Chance and Divine Providence

“They’re funny things,  Accidents.  You never have them till you’re having them.”

Those who are familiar with Winnie the Pooh might recognize and appreciate the profundity of the above statement made by Eeyore, the melancholy philosopher.  We don’t like to believe there are such things as accidents and it is only after we have had an accident that we somewhat reluctantly are forced to acknowledge their reality.

It would seem that we as Christians have even more difficulty than others in facing up to the reality of accidents.  After all, we believe in divine providence.  Nothing happens by chance.  “We know that all things work together for good to them that love God” (Rom. 8:28).

The difficulty with this is that so much of life seems to be governed by chance.  We experience accidents.  Some people die of cancer, others don’t.  Some parents have children who are born healthy, while others must experience the pain and heartache of abnormalities.  Hail hits one farmer’s field, but misses the field right beside it.

This same problem is described so well in the poetry of Ecclesiastes.  “The race is not to the swift, or the battle to the strong.”  The wise and learned aren’t always recognized and rewarded as they deserve.  “But, time and chance happen to them all.”  Some men get “trapped by evil times that fall unexpectedly upon them.”  And all of us have to face the uncertainty of life.  “No man knows when his hour will come” (9:11-12).

The writer of Ecclesiastes, however, clearly indicates that there is another perspective from which we must view the seemingly accidental events of life.  Ultimately, what we do is in God’s hands (9:1).  It is God who has made both the times that are good and the times that are bad (7:14).

Christians believe in divine providence.  I want to suggest, however, that it is important for us somehow to do justice to the earthly dimension of our daily experience.  Here we find that much of life seems to be a matter of time and chance, even for the Christian.  We do have accidents.  Even if we believe in God, there still seems to be a chance component to life and we need to face up to this aspect of our experience.

The book of Ecclesiastes is instructive in that it interprets the events of our lives from both points of view.  From a human perspective, an accident is a matter of time and chance.  But there is another perspective – our times are in God’s hands.  Thus, in the passages referred to earlier, we find the writer of Ecclesiastes moving easily from talk about God to talk about chance, and even about accepting our lot in life (Ecc. 5:19).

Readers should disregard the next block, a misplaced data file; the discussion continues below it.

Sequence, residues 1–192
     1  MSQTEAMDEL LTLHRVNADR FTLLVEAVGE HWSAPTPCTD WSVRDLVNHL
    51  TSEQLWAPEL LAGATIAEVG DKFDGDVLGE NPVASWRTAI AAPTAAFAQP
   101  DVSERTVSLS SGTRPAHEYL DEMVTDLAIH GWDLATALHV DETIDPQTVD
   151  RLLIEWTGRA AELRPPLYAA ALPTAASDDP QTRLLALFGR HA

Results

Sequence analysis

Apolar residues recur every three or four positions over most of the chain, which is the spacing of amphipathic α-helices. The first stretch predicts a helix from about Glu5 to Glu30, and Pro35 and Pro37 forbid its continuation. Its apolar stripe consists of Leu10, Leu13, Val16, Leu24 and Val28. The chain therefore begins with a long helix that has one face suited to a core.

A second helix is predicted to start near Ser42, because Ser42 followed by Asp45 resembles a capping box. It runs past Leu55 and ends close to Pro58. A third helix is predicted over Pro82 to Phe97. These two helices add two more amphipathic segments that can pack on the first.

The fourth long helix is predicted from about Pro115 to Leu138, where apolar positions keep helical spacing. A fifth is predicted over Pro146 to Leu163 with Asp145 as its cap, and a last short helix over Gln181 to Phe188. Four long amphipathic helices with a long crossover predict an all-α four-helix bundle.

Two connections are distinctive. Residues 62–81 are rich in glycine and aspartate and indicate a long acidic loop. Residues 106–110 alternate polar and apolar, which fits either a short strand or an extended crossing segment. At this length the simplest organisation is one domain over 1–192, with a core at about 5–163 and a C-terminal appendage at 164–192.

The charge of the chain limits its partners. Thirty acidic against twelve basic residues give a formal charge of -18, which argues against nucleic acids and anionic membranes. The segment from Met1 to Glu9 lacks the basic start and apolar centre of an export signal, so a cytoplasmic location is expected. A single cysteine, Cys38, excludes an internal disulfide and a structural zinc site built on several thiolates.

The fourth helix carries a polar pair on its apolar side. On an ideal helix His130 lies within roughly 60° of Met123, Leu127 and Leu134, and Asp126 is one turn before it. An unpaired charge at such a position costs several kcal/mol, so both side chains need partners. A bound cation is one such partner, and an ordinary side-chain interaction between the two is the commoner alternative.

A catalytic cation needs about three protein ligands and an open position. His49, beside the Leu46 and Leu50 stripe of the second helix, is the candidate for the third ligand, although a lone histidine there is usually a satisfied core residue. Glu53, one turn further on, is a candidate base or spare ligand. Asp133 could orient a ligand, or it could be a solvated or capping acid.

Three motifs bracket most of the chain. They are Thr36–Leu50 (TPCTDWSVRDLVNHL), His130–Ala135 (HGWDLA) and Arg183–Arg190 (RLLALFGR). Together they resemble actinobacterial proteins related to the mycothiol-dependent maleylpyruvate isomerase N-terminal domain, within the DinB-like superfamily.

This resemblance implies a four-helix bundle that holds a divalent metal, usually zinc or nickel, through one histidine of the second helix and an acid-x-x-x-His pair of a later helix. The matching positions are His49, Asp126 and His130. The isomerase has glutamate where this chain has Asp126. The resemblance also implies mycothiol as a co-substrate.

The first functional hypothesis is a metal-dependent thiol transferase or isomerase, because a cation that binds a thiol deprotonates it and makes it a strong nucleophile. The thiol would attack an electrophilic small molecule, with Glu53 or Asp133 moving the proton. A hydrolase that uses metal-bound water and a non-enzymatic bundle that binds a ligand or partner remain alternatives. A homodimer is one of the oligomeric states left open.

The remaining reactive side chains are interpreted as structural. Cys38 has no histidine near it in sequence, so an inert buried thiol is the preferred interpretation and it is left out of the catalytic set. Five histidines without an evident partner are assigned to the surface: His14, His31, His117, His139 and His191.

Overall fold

He also explains why it is that life seems to be a matter of time and chance from a human perspective.  As finite human beings we cannot understand “the scheme of things” (7:24-28).  We are never in a position to see the total pattern of our lives.  It is because we see through a glass darkly that accidents seem to be the result of chance.  Really they aren’t, but they still appear to be so from our finite vantage point.

An honest recognition of the fact that much of life seems to be a matter of time and chance not only has scriptural warrant, but it is also the key to avoiding some very practical dangers.  The chief danger is that of pride.  We are constantly tempted to think that we are in complete control of our lives, that we no longer need to pray, “Give us this day our daily bread.”  We need to keep reminding ourselves that we are not as secure as we think; that much of our life is beyond our control; that we are completely dependent on our Father in heaven.  The best antidote to pride is a mind-set that acknowledges the chance component to life.

This mind-set will further help us to cope with the tragedies of life.  Accidents are difficult to take, especially for those Christians who tend to focus more on God’s love and care, and who thus demand that each event of their life must make sense and fit into a pattern.  The problem is that we cannot see the total pattern, and to pretend that we do will only lead to frustration and despair.  The best preparation for accidents is to be in a frame of mind where we acknowledge the possibility of the unexpected.

A balanced emphasis on both divine providence and chance will finally help those of us who tend to be a little too cautious in life.  If life is not entirely predictable, we are encouraged to venture forth in our tasks boldly.  Just as a farmer sows his seed in spring, even though he is not guaranteed a crop, so we too must act in faith and risk things for God (Ecc. 11:6).

(This blog first appeared as an article in “A Christian Mind” column, in the Mennonite Brethren Herald, May 7, 1982, and is here slightly revised.)

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